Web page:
Joan Feynman

American astrophysicist (1927–2020)
Joan Feynman
Joan-feynman-2015.jpg
January 2015
Born(1927-03-31)March 31, 1927[1]
Queens, New York, U.S.[2]
DiedJuly 21, 2020(2020-07-21) (aged 93)[2][3]
Ventura, California, U.S.
NationalityAmerican
Alma materOberlin College (BS)
Syracuse University (MS, PhD)
Known forWork on auroras, solar wind
AwardsNASA Exceptional Achievement Medal
Scientific career
FieldsAstrophysics
InstitutionsNational Center for Atmospheric Research, National Science Foundation, Boston College, Jet Propulsion Laboratory
ThesisInfrared lattice absorption in crystals of diamond structure (1958)
Doctoral advisorMelvin Lax

Joan Feynman (March 31, 1927 – July 21, 2020) was an American astrophysicist. She made contributions to the study of solar wind particles and fields, sun-Earth relations, and magnetospheric physics. In particular, Feynman was known for developing an understanding of the origin of auroras. She was also known for creating a model that predicts the number of high-energy particles likely to hit a spacecraft over its lifetime, and for uncovering a method for predicting sunspot cycles.[4]

Early life

Feynman was raised in the Far Rockaway section of Queens, New York City, along with her elder brother, Richard Feynman (who became a Nobel Prize-winning physicist).[4] Her parents were Lucille Feynman (née Phillips), a homemaker, and Melville Arthur Feynman, a businessman. Her parents, both Ashkenazi Jews, originated from Russia and Poland.[1][5]

Joan was an inquisitive child, and she exhibited an interest in understanding the natural world from an early age. However, her mother and grandmother both dissuaded her from pursuing science, since they believed that women's brains were not physically capable of understanding complex scientific concepts in the way that men's brains could.[4][6][7] Despite this, her brother Richard always encouraged her to be curious about the universe. It was he who originally introduced young Joan to auroras when, one night, he coaxed her out of bed to witness the northern lights flickering above an empty golf course near their home.[6][8][9] Later, Feynman found comfort in an astronomy book given to her by her brother. She became convinced that she could, in fact, study science, when she came across a graph based on research by astronomer Cecilia Payne-Gaposchkin.[4]

Education

In 1948 Feynman earned a bachelor's degree in physics from Oberlin College.[10] She later attended Syracuse University, where she studied solid state theory in the physics department under Melvin Lax.[11] During her graduate years, Feynman took a year off to live with her husband in Guatemala, where they studied the anthropology of the Maya peoples who lived there.[12] She was a co-author, along with her husband and Betty J. Meggers, of a 1957 paper on anthropology.[13] Feynman eventually earned her doctorate in physics in 1958.[2][14] Her thesis was on the "absorption of infrared radiation in crystals of diamond-type lattice structure".[7][15] She also completed postdoctoral work at Columbia University's Lamont Geological Observatory.[3]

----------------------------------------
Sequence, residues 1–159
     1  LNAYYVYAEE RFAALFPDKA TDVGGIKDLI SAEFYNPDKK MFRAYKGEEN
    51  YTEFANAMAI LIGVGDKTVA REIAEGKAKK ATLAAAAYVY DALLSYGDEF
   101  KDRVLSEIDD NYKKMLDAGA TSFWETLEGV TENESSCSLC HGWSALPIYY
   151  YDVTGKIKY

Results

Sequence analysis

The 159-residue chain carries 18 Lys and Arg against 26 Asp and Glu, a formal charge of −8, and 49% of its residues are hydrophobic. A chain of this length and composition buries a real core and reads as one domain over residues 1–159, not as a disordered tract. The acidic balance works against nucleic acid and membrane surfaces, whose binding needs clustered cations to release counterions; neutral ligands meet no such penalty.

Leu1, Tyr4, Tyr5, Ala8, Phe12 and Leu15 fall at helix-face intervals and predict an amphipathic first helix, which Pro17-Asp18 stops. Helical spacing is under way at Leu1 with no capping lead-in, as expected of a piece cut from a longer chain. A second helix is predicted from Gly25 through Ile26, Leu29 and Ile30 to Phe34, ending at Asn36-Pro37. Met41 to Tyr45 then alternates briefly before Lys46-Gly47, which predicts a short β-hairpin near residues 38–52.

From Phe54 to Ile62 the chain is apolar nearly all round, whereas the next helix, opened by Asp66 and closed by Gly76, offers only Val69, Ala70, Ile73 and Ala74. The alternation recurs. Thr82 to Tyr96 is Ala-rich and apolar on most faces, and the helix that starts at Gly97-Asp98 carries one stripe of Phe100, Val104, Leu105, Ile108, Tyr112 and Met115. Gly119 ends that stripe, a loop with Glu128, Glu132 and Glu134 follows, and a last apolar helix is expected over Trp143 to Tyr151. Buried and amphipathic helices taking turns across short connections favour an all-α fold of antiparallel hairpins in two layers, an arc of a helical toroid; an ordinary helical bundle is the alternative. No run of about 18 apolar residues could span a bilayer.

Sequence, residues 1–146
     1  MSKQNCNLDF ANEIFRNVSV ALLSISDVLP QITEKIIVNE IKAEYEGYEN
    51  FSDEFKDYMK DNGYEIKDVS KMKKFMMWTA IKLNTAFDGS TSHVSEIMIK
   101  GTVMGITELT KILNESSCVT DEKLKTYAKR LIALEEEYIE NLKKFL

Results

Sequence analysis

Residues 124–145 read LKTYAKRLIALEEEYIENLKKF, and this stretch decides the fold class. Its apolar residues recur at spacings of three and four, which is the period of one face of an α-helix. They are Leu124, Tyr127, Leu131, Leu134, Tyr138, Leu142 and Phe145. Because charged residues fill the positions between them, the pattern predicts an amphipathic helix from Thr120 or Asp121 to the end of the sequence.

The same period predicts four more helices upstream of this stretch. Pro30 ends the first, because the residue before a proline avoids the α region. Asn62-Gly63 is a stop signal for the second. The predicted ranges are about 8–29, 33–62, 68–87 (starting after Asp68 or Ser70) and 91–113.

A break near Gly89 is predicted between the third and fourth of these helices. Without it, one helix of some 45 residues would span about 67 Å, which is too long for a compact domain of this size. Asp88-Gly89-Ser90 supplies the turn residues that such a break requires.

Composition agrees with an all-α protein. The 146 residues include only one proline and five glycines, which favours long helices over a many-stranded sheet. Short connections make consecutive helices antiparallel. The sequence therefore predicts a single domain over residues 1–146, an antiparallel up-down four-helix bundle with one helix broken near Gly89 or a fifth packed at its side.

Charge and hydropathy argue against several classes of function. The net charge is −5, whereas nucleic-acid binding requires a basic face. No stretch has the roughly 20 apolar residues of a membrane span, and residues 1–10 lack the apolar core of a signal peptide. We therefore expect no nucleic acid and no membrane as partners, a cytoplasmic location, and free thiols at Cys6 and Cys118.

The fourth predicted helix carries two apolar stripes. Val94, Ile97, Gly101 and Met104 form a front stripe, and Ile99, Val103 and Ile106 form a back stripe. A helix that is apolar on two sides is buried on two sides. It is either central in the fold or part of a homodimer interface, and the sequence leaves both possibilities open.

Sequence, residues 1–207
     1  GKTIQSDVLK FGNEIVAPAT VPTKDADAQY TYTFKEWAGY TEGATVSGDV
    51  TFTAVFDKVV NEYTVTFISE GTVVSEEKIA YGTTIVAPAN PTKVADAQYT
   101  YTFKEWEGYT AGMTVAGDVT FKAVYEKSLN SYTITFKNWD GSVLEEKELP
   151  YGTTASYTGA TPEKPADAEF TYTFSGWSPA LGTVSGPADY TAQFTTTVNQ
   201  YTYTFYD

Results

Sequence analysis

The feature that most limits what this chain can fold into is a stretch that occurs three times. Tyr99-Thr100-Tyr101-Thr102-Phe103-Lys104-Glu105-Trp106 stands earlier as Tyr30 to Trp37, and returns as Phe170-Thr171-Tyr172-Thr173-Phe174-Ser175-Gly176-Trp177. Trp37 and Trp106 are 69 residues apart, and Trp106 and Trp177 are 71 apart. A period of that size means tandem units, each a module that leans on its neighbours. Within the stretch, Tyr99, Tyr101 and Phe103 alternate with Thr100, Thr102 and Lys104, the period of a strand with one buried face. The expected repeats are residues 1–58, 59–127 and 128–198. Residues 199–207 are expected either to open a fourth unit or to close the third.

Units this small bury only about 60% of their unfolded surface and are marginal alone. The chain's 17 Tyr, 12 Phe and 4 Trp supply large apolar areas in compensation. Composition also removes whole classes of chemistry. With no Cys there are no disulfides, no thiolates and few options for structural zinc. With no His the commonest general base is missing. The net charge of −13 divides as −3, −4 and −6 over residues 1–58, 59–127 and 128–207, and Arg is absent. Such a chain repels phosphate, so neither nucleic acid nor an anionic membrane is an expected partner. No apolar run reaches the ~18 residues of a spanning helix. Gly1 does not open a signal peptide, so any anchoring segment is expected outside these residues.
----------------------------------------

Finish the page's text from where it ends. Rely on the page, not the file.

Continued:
Career

An aurora display over Calgary

Joan Feynman spent the bulk of her career studying the interactions between the solar wind and the Earth's magnetosphere. While working at the NASA Ames Research Center in 1971, Feynman discovered that the periodic spouting of solar material known as a solar coronal mass ejection (CME) could be identified by the presence of helium in the solar wind.[4] This was an important find because, although CME's were known at the time, they had until then been difficult to detect.

Joan Feynman

After her time at NASA Ames, Feynman moved on to a number of different research posts. These included positions with the High Altitude Observatory; the National Center for Atmospheric Research in Boulder, Colorado; the National Science Foundation in Washington, DC; and Boston College in Massachusetts.[11] Finally, in 1985 Feynman accepted a position at the Jet Propulsion Laboratory in Pasadena, California,[16] where she remained until her retirement.

As part of her research, Feynman made a critical discovery about the nature and cause of auroras. Using data collected by NASA spacecraft Explorer 33, she demonstrated that the occurrence of auroras is a product of the interaction between the Earth's magnetosphere and the magnetic field of the solar wind.[4][9][17]

Feynman also helped to develop a model for estimating the environmental hazards of the local space environment. This work was taken on as high-velocity coronal mass ejections are known to cause geomagnetic storms, which can have dangerous effects on both functioning spacecraft and on humans in space at the time.[18] Such fast-moving coronal mass ejections cause shock waves in the solar wind, speeding up solar particles and instigating geomagnetic storms as the particles arrive at the outer edge of Earth's magnetosphere. Often, the commencement of such storms is coupled with a high influx of protons, which can wreak havoc on communications systems and space flight activities. Feynman's model ultimately helped engineers determine the flux of high-energy particles that would affect a spacecraft over its functional lifetime. Her work in this area led to important new developments in spacecraft design.[4][18]

Later in her career, Feynman studied the science behind climate change. She was particularly interested in transient solar events and solar cycle variations.[11] Among other things, she studied the influence of the sun on patterns of wintertime climate anomalies known as the Arctic oscillation or North Annular Mode (NAM). Along with her colleague and husband Alexander Ruzmaikin, she found that for periods of lower solar activity, the NAM index is systematically lower. Such periods of low solar activity coincide with cooling periods for certain parts of the world; for example, this was seen in Europe during a time known as the Little Ice Age.[12] Feynman and her colleagues also discovered a link between solar variability and climate change in ancient water levels of the Nile River. During periods of high solar activity, conditions around the Nile were found to be drier, and when solar activity was low, conditions were wetter.[19][9]